Fibre Optic Sensors Can Save the World!

Join Matthew Partridge at 8.20pm, Tuesday 22nd August at the New Town Theatre (Fringe venue 7) to discover how fibre optic sensors really can save the world.

 

Tell us a bit about yourself 

I have several current roles, firstly (and least importantly) I’m the cartoonist and blogger behind the site ErrantScience.com. I launched the site in 2008 as a place devoted to talking about the lighter side of research, and being irreverent about science. My day job is working as a Research Fellow in the Centre of Engineering Photonics at Cranfield University, where I develop fibre optic chemical sensors for everything from water pollution monitoring to cancer diagnosis.

How does your CoDI show fit in with your research?

My research is fibre optics, my show is all about fibre optics and fibre optics is right there in the title. If that’s not already hinting at the way that my show fits to my research then I’m going to have to keep mentioning fibre optics more. Fibre optics.

Why is the topic ‘dangerous’?

Mostly people wouldn’t call fibre optics dangerous and would really say that the most dangerous thing about them is that they can carry laser beams capable of burning a hole through sheet metal. But to me I think of fibre optics as dangerous because they can be so thin that they can slip between skin cells and get embedded in you without you even knowing. Which is both an example of why they are dangerous and an explanation for how I ended up with a fibre optic in my finger as a constant reminder to wear gloves.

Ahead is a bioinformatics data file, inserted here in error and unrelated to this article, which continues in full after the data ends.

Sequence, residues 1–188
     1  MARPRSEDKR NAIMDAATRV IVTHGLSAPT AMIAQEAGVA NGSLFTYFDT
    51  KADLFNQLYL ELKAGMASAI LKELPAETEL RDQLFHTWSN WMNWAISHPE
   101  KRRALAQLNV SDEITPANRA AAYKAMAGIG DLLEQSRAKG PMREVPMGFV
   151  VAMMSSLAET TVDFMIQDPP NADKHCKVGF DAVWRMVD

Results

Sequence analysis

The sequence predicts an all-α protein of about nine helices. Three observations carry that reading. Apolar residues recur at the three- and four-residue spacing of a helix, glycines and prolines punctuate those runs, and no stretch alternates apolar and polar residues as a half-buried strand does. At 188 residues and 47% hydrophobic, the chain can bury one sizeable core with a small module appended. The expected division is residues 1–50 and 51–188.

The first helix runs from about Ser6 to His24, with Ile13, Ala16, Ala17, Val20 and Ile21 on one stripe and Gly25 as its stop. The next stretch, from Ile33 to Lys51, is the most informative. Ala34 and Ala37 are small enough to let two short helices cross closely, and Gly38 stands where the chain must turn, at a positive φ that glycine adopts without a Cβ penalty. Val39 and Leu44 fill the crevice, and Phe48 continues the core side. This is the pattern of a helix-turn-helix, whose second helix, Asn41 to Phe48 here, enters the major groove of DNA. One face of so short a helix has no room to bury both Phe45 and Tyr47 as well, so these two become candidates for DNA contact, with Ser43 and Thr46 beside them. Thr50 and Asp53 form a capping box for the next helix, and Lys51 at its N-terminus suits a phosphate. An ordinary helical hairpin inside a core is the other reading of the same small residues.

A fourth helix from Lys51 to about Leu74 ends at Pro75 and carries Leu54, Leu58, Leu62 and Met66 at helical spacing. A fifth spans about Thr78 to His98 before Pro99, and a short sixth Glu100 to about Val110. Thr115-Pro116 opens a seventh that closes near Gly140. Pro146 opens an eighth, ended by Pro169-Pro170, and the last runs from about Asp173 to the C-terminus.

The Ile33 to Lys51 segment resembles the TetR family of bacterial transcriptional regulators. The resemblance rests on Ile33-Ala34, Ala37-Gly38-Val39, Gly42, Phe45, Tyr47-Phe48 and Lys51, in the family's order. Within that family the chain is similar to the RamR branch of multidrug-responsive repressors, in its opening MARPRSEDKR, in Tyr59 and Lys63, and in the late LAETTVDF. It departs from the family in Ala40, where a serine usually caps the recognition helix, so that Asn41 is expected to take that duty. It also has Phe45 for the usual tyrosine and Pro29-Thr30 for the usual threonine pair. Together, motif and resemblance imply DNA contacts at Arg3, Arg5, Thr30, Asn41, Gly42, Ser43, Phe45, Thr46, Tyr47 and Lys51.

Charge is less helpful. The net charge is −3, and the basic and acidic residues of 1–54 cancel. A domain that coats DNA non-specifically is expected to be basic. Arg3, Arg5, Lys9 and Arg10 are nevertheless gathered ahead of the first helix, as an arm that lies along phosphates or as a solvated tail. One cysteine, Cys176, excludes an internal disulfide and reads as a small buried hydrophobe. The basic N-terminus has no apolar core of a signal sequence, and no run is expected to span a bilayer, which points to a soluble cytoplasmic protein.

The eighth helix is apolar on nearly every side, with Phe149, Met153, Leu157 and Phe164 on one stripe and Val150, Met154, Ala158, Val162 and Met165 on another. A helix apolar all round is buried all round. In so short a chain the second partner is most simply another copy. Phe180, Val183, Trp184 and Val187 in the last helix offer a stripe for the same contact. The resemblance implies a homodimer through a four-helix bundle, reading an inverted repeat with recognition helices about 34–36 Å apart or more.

Does it rightly have this label? Is the topic unjustly controversial?

The biggest controversy about fibre topics is that everyone thinks they are only good for streaming Netflix. They can do so much more (providing you wear gloves when doing it)

Why is the topic important to you?

It is both my day job and something I passionately want to help educate people about so that they too can see how amazing they are and appreciate the how much better the world would be if there were more of them.

Describe your show in 3 words

Fibre optic death

Why should the unenlightened Fringe-goer attend your show? What will they learn?

Seeing my show will worth it because you’ll learn all about the history of fibre optics, which is really the history of jealous scientists, a crazed person attaching molten glass to a crossbow and the most honest scientist in the world being secretly funded by the CIA. There’s also some bits about the post office and the Dorset Police force and why you need to thank them for the broadband we have today.

Then if all that wasn’t interesting enough as a Fringe-goer you get to challenge me to come up with fibre optic solutions to any problem you can think of. I will happily solve relationship issues, general election confusion and provide a simple solution to Brexit. All with some little known uses of fibre optics.

 

Get your tickets here!:

The Stand

Ed Fringe